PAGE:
Eggs of Arion vulgaris are laid in clutches. Each egg is 3 mm in diameter. There are 45 eggs in this clutch and dimension of this clutch is 21 mm × 18 mm. This is a fresh clutch laid in the same day as the photo was taken.
I found a slug Arion fuscus dangling on its mucus thread. I found it on a waste container in the street, in Olomouc city, the Czech Republic, on the September 16, 2014. Such species usually live in woods, but it can be found in gardens too.
It was moving down quite fast. The difference between the first and the second photo is 20 seconds.
As we know, some snails and slugs can move down on the mucus thread like a spider on a spider thread. Such locomotion is considered to be unusual.
There is a detail of Arion fuscus cropped from the first photo:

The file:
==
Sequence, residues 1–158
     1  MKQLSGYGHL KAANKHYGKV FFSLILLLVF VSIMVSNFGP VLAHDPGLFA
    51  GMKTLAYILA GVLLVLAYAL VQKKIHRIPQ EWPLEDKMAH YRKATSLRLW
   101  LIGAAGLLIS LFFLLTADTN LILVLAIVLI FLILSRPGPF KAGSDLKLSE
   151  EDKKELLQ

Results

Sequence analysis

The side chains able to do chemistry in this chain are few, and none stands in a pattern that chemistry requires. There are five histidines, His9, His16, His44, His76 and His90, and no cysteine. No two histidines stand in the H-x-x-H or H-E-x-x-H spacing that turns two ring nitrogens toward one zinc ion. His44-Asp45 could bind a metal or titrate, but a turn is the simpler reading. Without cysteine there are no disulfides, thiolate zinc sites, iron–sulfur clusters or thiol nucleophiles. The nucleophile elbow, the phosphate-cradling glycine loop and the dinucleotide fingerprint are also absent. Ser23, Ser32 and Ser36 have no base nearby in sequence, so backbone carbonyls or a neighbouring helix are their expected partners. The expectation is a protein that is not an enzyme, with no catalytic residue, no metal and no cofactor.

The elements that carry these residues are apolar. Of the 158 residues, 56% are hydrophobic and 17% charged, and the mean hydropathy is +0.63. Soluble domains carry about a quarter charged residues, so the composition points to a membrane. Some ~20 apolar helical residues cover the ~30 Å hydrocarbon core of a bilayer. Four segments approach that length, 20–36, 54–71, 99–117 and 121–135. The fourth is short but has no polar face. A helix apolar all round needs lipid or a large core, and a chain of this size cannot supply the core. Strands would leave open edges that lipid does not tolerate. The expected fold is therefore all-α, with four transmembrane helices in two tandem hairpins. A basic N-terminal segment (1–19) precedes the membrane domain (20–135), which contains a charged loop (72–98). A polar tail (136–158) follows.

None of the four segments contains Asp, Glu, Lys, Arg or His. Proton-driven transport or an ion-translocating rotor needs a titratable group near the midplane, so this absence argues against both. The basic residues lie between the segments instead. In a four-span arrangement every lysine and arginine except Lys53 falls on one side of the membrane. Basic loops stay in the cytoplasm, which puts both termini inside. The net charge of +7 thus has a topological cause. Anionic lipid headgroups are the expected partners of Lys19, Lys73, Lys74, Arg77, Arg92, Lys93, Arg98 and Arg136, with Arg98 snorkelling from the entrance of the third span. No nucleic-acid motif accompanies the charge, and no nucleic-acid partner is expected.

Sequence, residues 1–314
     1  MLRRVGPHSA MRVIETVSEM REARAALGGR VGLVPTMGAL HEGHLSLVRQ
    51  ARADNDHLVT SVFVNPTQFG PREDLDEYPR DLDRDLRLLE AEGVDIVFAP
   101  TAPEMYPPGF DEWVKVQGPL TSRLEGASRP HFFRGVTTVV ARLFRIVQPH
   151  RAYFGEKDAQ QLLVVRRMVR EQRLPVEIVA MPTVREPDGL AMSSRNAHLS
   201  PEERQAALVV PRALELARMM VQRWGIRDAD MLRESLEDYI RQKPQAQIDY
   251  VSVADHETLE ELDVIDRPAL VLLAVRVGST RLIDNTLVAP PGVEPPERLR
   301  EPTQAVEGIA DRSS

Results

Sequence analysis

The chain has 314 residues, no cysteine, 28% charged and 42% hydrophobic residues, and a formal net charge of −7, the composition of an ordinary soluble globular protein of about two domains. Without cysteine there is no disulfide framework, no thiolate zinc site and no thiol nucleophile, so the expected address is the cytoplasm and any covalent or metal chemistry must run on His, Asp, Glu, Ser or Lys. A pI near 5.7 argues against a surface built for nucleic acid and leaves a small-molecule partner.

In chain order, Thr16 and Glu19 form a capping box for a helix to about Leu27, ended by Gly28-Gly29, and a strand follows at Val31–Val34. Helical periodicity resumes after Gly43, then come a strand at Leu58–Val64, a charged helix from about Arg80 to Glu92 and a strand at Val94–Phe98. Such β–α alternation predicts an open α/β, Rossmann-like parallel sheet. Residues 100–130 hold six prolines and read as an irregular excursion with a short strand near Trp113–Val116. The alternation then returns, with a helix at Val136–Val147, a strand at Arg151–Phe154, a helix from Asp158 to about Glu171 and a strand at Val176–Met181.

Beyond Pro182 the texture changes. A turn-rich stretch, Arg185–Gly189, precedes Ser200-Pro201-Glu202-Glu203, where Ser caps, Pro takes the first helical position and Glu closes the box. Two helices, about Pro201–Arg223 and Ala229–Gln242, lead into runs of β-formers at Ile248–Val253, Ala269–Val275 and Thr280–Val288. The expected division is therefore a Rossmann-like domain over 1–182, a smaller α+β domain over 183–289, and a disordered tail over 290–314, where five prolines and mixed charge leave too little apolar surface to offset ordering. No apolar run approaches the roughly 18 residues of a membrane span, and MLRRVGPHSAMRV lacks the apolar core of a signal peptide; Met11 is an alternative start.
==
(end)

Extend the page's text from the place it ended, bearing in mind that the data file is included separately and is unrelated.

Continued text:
Breure B. 2011: “Dangling snails – an update“. Bram’s snailblog.
Breure B. 2011: “Dangling snails – update (2)“. Bram’s snailblog.
Breure B. 2013: “Dangling Jamaican snail“. Bram’s snailblog.
Wiktor A. & Stawarczyk T. 2012: “AN UNUSUAL MODE OF LOCOMOTION OF AN ECUADOREAN SLUG BELOCAULUS SP. (MOLLUSCA: GASTROPODA: VAGINULIDAE)“. Folia Malacologica 19(4): 277–278. (PDF free download after free registration)
Why it is on those stones on these photos? It is because inhabits rocks and walls. It is quite common snail already described by Carl Linnaues in 1758. Linnaues used the specific name lapicida for this snail, because he thought that its mucus can dissolve limestone rocks. The Latin word lapis means the “stone”, the Latin suffix -cida means “cut out”. The Latin word lapicida means the “stonecutter”. It can not dissolve stones in fact.
(in Czech) Blažka F. (1892). Na venkově po dešti. Vesmír, 22(3): 5-6.
Lapicide. Wictionary, accessed September 12, 2014.
Etymology of the Latin word lapicida. myEtymology, accessed September 12, 2014.